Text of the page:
5 Things To Know About Lanny Davis, Michael Cohen’s Jewish Lawyer by the Forward

5 Things To Know About Lanny Davis, Michael Cohen’s Jewish Lawyer

Michael Cohen served for many years as President Trump’s loyal personal lawyer. But after Cohen pleaded guilty Tuesday in federal court to a series of crimes including tax fraud, bank fraud and campaign finance violations, more attention began to be cast on Cohen’s own personal lawyer, Lanny Davis — especially after Davis told multiple media outlets that Cohen would be willing to share “all that he knows” with special counsel Robert Mueller.

Here are some things you should know about Davis, a longtime Washington power player:

He grew up in a Jewish family:

Lanny Davis was born in December 1945 in Jersey City, New Jersey. His father was a dentist and his mother managed dental office. He frequently peppers his language with Yiddishisms like “yenta” and “mensch.” Davis’s son Seth is a college basketball analyst for CBS.

He has decades-long connections with some of the world’s most powerful people:

Davis attended Yale University at a time when Jewish quotas were still in effect. While there, he befriended future U.S. senator Joe Lieberman, and later went on to serve as treasurer for Lieberman’s political action committee. While at Yale, Davis pledged the same fraternity as future president George W. Bush, who reportedly hazed him. Bush later appointed him to the federal government’s Privacy and Civil Liberties Oversight Board.

He’s really, really, really close with the Clintons:

Davis first met Hillary Rodham when they attended Yale Law School together, and befriended her and then her future husband Bill Clinton. Davis worked in the 1970s and 1980s as a lawyer at well-connected Washington, D.C. law firms, but joined the Clinton White House in 1996 as special counsel. While there, he publicly defended President Clinton from multiple scandals, emerging as one of the president’s most vociferous allies. He left the White House in 1998 to go back into the private sector — two weeks before the Monica Lewinsky scandal broke.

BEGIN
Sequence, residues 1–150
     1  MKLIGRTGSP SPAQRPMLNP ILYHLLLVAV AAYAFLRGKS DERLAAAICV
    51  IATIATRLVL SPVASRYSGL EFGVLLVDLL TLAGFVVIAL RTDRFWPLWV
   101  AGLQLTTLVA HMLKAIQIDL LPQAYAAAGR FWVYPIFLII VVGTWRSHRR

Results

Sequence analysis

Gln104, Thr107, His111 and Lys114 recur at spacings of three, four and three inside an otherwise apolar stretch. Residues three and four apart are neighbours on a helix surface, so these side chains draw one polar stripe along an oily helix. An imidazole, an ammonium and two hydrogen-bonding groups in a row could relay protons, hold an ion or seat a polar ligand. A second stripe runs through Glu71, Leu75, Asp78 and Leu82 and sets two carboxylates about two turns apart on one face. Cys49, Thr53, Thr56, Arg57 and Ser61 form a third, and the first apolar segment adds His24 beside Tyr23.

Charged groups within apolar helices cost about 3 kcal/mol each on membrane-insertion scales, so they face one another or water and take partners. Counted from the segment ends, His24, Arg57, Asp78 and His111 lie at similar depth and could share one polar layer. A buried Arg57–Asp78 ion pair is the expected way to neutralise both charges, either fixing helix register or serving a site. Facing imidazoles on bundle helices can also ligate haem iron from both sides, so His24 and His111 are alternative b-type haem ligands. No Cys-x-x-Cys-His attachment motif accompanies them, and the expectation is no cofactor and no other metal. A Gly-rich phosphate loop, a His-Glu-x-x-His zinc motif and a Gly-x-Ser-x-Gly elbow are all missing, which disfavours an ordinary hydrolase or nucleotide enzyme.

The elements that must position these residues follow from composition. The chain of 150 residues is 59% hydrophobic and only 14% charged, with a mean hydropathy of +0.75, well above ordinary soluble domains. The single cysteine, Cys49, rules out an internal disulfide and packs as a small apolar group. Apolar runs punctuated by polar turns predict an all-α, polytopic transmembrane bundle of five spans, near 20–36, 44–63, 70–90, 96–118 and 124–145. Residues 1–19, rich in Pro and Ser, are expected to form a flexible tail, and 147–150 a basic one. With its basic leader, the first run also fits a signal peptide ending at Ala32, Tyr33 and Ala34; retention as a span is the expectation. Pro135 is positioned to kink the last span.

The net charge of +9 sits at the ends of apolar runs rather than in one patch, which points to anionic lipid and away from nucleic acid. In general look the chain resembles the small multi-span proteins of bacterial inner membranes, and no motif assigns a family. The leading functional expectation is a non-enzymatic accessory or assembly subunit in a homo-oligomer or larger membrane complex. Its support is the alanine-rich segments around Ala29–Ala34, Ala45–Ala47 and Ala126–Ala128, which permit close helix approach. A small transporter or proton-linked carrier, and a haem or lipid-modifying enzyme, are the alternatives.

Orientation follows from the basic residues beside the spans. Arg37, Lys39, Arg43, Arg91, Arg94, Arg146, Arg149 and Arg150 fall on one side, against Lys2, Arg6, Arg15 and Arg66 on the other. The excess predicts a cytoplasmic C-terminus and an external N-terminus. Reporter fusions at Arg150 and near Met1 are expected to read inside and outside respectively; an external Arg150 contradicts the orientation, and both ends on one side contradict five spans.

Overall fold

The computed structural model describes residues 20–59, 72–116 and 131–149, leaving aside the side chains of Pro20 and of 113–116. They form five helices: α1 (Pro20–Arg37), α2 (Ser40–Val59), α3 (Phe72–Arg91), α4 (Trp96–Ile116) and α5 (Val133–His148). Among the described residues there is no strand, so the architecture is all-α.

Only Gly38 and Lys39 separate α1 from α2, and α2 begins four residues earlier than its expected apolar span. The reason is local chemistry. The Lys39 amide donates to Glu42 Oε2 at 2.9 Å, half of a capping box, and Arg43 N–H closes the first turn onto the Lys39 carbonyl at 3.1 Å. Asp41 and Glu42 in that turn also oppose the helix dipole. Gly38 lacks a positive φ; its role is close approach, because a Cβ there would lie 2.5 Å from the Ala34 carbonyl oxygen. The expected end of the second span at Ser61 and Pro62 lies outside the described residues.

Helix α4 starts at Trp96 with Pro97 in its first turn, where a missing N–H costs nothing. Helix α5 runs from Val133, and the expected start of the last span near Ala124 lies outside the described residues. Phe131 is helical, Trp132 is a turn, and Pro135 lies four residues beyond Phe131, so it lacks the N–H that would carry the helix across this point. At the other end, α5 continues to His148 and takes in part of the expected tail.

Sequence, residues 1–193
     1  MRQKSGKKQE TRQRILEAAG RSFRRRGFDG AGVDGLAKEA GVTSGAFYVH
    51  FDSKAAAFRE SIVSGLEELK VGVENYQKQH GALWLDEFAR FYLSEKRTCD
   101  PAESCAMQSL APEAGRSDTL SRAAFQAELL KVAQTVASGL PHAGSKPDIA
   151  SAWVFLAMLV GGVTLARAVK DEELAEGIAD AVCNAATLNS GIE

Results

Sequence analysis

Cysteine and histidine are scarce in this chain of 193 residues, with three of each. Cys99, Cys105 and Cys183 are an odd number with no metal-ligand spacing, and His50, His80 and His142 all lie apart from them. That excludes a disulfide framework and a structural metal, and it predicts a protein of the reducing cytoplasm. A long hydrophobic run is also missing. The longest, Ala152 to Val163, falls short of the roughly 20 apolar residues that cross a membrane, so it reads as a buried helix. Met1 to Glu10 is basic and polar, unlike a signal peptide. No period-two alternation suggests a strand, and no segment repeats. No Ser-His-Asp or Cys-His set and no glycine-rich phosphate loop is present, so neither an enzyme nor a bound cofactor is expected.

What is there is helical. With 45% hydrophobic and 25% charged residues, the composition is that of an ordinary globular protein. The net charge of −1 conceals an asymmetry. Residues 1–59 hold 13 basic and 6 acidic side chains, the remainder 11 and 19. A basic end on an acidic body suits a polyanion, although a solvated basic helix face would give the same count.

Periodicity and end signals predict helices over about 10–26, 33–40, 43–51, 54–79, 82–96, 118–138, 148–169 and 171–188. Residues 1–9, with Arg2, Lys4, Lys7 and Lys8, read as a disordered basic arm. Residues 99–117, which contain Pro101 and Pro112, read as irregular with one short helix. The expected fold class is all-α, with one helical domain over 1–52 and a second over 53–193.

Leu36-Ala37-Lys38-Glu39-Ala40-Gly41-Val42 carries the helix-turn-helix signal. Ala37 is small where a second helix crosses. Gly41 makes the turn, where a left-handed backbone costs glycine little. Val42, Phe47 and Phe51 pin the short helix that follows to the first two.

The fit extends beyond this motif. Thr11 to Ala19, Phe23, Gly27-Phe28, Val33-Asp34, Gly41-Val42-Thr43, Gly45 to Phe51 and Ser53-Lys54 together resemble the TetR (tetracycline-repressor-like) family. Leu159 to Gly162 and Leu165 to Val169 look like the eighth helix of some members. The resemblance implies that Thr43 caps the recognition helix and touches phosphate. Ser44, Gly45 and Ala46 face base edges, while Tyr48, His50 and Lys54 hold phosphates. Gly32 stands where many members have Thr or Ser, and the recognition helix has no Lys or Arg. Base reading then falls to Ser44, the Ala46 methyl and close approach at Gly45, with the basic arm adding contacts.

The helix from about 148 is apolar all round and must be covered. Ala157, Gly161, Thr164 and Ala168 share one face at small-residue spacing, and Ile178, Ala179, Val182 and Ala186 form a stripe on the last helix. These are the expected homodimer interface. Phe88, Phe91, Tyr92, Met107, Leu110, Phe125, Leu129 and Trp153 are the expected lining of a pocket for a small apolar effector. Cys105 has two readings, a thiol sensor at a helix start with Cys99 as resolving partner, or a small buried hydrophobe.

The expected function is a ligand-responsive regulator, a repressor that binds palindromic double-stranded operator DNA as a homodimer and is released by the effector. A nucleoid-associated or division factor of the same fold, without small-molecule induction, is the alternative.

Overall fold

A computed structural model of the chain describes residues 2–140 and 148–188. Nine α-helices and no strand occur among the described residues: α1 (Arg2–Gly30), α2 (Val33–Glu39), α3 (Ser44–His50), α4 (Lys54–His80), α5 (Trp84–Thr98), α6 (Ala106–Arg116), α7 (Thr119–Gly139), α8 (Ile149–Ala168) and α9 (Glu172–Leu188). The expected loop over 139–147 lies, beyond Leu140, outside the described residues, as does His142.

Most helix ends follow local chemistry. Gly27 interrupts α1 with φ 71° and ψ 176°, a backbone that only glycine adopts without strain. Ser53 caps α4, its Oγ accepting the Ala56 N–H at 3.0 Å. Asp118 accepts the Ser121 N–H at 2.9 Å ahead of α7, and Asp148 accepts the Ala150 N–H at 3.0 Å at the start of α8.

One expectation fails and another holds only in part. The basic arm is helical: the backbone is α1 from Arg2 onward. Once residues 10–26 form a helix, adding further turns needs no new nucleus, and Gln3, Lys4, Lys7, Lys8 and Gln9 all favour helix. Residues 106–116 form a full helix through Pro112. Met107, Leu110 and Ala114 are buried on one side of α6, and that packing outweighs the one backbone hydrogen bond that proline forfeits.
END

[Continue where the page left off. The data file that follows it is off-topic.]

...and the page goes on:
Davis went on to support Hillary Rodham Clinton during her 2008 and 2016 presidential runs, though not without suffering some public embarrassment of his own: A publicly-revealed email sent to Clinton while she was Secretary of State, in which he begged her to “please please please” provide a positive quote to a reporter for a news article being written about him, was described by the Boston Globe as “Kissing Up 101.”

He’s represented a lot of reprehensible people:

Davis emerged in the last two decades as one of the capital’s premier lobbyists and crisis management experts. He specialized in taking on clients who many others wouldn’t touch, including disgraced movie mogul Harvey Weinstein, Washington Redskins owner Dan Snyder during the public debate over whether the team name was racist, Pennsylvania State University during the Jerry Sandusky sexual abuse scandal, and multiple repressive African dictators.

One of his former clients, former Ivory Coast president Laurent Gbagbo, is currently on trial before the International Criminal Court on war crimes charges. Davis has said that he regrets taking on Gbagbo, but has said that the State Department had urged him to keep his $100,000-per-month contract while the Obama administration was working on resolving the crisis in that country after Gbagbo refused to step down upon losing the presidential election. A State Department spokesman said at the time that Davis had been “helpful” during the crisis.

Is Michael Cohen his toughest client yet?

Davis has been busy since taking on Cohen as a client last month. Davis gave CNN an audiotape provided by Cohen in which Trump appears to discuss payments to a Playboy model who alleged that she had had an affair with the then-candidate. Since Cohen’s guilty plea, Davis has said that Cohen would be willing to provide special counsel Robert Mueller with “all that he knows” about possible collusion with Russia. Davis has also set up a GoFundMe page to help pay for Cohen’s legal bills.

Contact Aiden Pink at pink@forward.com or on Twitter, @aidenpink

Author

Aiden Pink

Aiden Pink

Aiden Pink is the Deputy News Editor for the Forward. Contact him at pink@forward.com or on Twitter, @aidenpink.

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